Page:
Statement of the Central Committee of Communist Ghadar Party of India, 28th August, 2011
As part of the efforts of the ruling class to prettify the corrupt party dominated system, the UPA government initiated the process of formulating a Lokpal Bill. Its aim was to create an anti-corruption agency under the control of the party in power, and to do so by following a so-called consultative process. The government hoped to satisfy international capitalist investors as well as appease domestic critics through such a “governance reform”.
The ground swell of anger and disgust with the existing corrupt state and super-exploitative system was so strong that consultations on the Lokpal Bill gave rise to a truly mass movement, which the government did not expect. Far from shoring up the credibility of the party dominated political system, the mass anti-corruption agitation headed by Anna Hazare has pushed all parties in Parliament on the defensive. It has further deepened the crisis within these parties and in the system they dominate.
The government wanted to create an authority that would only investigate corruption involving senior officials. The Anna team and other organisations of the people said: No, we want the concerns of all the people to be addressed, and therefore the jurisdiction of the Lokpal must cover all levels of governance. The government went ahead with its own narrow version, but has been forced to backtrack. The Parliament has been compelled to discuss the immediate demands of Anna Hazare and his team.What the people’s agitation has managed to achieve is to pressurise the parties in Parliament into action. The satyagraha of Anna and numerous people who voluntarily joined him has inspired the toiling majority of people and given them enormous confidence. The partial gain achieved so far has shown people what collective mass political action can achieve.
The mass agitation has raised the level of consciousness about the fundamental flaw in the existing system of democracy, in which big business interests and their corrupt parties control the Lok Sabha. It has further exposed multi-party representative democracy as a process designed to permit the biggest exploiters, corrupt ministers and officials to loot and plunder our land and labour.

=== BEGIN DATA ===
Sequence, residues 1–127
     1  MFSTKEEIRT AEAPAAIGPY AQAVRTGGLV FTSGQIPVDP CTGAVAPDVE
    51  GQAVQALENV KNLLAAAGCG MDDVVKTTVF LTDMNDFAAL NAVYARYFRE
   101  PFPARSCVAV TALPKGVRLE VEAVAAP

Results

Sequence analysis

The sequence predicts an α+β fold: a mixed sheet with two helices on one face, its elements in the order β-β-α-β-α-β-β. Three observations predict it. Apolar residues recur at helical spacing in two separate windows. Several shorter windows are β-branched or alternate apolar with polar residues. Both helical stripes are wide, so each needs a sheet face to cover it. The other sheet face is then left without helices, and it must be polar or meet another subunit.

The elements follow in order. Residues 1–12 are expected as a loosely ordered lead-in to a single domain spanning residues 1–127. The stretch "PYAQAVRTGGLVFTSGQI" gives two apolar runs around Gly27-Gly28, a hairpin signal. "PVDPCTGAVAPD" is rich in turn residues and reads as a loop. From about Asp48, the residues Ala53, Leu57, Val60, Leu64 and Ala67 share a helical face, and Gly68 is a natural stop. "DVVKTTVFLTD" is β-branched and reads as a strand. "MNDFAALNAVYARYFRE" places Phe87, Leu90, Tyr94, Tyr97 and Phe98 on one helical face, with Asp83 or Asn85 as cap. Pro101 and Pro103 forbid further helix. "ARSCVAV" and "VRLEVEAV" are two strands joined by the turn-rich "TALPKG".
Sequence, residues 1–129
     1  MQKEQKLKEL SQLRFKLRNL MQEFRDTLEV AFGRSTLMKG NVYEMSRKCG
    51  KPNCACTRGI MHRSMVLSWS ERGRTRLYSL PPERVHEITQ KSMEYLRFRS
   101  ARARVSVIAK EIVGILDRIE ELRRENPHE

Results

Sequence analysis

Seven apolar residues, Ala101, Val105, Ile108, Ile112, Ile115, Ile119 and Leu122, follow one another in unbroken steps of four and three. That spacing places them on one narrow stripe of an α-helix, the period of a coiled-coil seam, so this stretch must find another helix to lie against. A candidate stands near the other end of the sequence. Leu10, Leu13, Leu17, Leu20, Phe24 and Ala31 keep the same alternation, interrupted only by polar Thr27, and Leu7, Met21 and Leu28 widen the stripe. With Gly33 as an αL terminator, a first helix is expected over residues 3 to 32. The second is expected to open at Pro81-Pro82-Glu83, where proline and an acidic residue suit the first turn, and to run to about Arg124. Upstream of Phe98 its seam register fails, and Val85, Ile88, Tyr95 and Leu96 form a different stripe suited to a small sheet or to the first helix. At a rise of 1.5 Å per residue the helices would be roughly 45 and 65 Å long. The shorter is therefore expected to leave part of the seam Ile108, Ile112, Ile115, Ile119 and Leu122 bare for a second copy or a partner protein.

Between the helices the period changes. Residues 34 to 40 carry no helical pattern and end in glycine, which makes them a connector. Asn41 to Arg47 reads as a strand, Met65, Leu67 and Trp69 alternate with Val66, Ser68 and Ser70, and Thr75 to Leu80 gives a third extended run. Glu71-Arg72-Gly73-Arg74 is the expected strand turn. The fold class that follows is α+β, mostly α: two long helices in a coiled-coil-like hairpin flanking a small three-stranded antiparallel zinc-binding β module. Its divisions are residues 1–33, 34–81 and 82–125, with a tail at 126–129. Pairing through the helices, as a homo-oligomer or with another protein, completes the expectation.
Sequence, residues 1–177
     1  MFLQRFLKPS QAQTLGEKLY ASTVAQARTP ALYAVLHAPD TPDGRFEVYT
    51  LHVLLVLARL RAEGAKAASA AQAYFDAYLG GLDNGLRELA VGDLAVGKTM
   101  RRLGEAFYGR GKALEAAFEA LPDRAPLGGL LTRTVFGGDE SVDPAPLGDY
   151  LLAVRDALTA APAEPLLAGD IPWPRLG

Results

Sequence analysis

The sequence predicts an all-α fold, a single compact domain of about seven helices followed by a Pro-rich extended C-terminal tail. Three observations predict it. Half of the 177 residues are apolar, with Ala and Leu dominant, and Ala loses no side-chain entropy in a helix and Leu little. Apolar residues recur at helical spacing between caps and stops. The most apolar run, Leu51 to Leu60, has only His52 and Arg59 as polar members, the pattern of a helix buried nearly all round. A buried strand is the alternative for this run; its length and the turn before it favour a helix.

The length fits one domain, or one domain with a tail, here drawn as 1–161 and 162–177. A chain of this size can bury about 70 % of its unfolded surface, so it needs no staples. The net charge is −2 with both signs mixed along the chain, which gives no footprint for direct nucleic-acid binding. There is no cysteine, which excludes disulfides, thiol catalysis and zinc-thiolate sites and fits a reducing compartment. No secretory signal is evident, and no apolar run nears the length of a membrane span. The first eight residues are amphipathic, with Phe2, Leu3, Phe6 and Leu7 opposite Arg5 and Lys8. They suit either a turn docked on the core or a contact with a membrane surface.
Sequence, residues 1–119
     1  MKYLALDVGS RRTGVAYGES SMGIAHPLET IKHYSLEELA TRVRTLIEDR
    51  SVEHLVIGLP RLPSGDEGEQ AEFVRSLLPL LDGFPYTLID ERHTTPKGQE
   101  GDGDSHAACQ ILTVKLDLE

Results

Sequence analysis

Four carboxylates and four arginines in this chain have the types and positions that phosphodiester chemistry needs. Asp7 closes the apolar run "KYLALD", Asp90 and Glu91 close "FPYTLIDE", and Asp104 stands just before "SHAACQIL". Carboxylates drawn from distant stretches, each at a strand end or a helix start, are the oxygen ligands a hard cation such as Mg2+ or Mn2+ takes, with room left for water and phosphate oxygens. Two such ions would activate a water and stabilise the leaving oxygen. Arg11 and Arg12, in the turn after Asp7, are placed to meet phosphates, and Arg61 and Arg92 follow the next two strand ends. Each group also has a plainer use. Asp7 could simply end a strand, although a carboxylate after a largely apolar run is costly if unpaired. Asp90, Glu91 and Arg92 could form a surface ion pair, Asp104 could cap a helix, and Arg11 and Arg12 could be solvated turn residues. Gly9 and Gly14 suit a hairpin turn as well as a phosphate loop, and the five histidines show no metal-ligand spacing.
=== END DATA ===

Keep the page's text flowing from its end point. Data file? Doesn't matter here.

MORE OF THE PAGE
People demanded a referendum on the jan Lokpal Bill, drafted by persons outside Parliament. The government did not accept this demand. All the parties that benefit from the existing corrupt system, including Congress, BJP and CPI(M), wanted decision-making power to be kept strictly within Parliament.
The fundamental flaw in the existing system of democracy is precisely that it excludes the vast majority of people from the decision making process. Parties financed by big capitalists have the major say in selecting candidates for election, in forming governments and in passing laws. People have a marginal role and only on polling day. The mass agitation for a people’s Lokpal Bill has highlighted this fundamental flaw.
The question that has assumed centre-stage by the development of events is where supreme power lies, and where it must lie. Who is sovereign? Is the people’s will supreme or is the will of Parliament or will of Cabinet supreme?
Rahul Gandhi, speaking in the Lok Sabha, argued that the agitation against corruption must not be continued any further because it poses a threat to “supremacy of parliament”. This argument is repeated by various defenders and apologists for the status quo, who wish to hide the fact that parliament is dominated by parties of vested interests, which is why millions are on the streets.
Our martyrs of 1857 declared that “Hindostan belongs to us! We are her masters!” The end of colonial rule in 1947 did not end the colonial legacy of a corrupt state that defends a system of ruthless plunder by an exploiting minority. Sovereignty was transferred from the British Crown to the Indian Parliament, but it did not reach the hands of the masses of our people. Today the people are demanding what belongs to them. They are saying: We do not trust you, the corrupt parties of big capital!